Comments (39)Add a Comment
What a great book about people that work for the same company. It is a long book but don't think about sipping pages or you will miss some of the important parts of the story. Has lots of mystery and adventure that will keep you wanting to read more. Enjoy!!!
A group of employees from a tech company called Snoop get trapped in ski lodge in the French Alps after an avalanche disrupts their corporate retreat. One by One they start to disappear.
Truth is I enjoyed this book or at least most of it. It got a few eye rolls for cheesy dialogue and the one dimensional characters that I had trouble keeping track of, but the mystery was gripping and it kept me guessing until about 70% into the book.
I also got An Unwanted Guest/Hunting Party vibes as soon as I started reading. Shari Lapena and Lucy Foley did a much better job creating that creepy, claustrophobic atmosphere and those strong characters that have you so invested that you can barely put the book down. And in comparison One by One just doesn’t measure up.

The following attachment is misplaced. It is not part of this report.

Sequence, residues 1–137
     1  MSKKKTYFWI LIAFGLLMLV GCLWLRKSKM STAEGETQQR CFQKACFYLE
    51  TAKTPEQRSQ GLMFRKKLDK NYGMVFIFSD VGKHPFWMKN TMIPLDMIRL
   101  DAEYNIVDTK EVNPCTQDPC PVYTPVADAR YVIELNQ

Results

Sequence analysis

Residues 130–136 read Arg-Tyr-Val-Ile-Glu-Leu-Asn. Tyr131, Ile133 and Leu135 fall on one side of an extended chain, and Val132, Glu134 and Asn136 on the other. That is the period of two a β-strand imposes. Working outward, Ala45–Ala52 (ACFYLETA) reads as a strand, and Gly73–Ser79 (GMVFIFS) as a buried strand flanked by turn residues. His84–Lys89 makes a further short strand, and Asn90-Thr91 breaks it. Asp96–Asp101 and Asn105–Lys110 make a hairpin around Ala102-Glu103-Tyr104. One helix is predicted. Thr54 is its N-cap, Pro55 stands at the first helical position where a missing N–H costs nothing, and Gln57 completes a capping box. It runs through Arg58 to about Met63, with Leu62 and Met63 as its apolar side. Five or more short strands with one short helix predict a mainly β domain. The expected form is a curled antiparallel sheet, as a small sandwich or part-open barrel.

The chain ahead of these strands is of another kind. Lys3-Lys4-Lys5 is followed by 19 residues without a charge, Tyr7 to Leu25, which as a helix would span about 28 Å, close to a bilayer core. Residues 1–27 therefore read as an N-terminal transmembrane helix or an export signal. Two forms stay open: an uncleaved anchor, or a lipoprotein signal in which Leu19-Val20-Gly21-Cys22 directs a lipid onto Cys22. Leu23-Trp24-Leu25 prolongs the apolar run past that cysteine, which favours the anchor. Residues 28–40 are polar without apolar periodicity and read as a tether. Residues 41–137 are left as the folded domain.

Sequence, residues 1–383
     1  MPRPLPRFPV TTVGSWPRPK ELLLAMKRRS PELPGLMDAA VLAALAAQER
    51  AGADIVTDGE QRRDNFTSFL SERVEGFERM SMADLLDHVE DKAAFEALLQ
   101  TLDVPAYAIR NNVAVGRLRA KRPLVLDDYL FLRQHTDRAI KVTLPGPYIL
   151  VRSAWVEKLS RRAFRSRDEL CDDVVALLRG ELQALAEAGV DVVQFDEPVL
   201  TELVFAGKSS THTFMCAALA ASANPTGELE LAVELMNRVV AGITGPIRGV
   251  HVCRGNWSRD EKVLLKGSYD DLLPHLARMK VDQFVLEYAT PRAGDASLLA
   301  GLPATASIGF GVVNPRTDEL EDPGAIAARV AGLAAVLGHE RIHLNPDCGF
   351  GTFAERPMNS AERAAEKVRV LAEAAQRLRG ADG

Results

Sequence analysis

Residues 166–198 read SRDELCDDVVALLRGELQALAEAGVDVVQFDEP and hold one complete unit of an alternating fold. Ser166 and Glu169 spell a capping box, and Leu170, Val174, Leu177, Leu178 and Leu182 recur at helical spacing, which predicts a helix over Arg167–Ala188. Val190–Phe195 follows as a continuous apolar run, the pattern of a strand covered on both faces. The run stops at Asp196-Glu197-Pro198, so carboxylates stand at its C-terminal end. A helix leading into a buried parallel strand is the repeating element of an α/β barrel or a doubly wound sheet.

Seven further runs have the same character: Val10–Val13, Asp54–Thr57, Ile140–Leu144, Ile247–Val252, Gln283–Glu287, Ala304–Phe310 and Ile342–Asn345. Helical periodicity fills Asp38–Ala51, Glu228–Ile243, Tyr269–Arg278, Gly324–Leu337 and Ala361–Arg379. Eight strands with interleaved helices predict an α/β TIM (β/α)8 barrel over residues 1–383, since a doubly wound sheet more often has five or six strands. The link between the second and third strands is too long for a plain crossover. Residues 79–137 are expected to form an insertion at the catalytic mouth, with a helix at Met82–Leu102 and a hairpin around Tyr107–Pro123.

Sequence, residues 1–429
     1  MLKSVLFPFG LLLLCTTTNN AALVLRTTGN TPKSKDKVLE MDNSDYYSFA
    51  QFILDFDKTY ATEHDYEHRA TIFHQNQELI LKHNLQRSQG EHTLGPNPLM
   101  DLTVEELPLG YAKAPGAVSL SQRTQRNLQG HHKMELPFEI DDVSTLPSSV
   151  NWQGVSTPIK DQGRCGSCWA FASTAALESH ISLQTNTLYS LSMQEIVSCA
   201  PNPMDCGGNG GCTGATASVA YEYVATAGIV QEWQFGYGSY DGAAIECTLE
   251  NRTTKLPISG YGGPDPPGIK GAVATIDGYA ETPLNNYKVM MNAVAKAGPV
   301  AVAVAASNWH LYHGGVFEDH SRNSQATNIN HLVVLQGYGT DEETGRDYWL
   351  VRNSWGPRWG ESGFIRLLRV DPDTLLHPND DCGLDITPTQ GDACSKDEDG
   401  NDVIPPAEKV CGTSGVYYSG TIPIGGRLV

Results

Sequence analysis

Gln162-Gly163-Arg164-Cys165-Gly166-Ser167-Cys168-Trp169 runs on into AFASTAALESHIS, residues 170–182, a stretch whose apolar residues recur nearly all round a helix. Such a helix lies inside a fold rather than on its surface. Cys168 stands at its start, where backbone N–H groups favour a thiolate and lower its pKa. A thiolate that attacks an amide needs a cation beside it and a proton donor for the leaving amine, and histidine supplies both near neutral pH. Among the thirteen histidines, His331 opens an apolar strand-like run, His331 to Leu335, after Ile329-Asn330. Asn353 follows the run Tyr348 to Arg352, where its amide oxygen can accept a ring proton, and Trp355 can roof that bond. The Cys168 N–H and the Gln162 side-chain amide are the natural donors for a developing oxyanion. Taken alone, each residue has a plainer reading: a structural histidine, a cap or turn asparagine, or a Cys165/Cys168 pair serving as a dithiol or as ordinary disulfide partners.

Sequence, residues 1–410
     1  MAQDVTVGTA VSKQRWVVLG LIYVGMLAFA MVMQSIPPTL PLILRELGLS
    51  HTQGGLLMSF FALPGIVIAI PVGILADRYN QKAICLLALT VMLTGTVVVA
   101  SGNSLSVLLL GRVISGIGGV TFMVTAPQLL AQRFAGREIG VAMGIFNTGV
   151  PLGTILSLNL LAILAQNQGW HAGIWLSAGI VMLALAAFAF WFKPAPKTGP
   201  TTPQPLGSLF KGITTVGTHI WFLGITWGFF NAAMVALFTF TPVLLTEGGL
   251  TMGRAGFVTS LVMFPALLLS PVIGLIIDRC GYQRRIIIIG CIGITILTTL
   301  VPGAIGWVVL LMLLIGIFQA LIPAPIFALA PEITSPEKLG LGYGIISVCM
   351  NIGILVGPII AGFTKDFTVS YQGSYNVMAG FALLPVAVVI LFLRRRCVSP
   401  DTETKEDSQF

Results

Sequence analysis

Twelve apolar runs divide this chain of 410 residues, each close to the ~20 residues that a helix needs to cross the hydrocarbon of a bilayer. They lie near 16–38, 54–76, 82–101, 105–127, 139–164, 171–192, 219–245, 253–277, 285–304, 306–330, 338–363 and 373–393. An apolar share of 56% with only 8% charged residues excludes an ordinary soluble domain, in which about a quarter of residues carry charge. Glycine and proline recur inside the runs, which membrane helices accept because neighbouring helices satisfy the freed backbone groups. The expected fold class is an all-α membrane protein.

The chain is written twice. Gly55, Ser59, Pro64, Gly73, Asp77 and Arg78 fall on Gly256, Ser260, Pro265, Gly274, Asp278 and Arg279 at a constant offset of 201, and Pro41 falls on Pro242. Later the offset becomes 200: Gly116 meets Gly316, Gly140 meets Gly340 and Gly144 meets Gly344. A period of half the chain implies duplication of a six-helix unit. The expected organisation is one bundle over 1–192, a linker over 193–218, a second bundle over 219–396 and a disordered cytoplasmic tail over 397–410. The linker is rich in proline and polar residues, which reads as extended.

Another interesting suspense thriller from author Ruth Ware. I agree with one of the reviewers about it being difficult to like the characters. I only liked two people: the hostess and the chef of the lodge. All of the guests weren't very likable so it was hard to relate with any of them. It would've been more enjoyable if I liked more of the characters. But I suppose that's part of the story line about why this group of people weren't great and found themselves into this situation. I was VERY surprised at the end of who was behind the murders. This story reminds me a lot of Agatha Christie's "And Then There Were None" novel.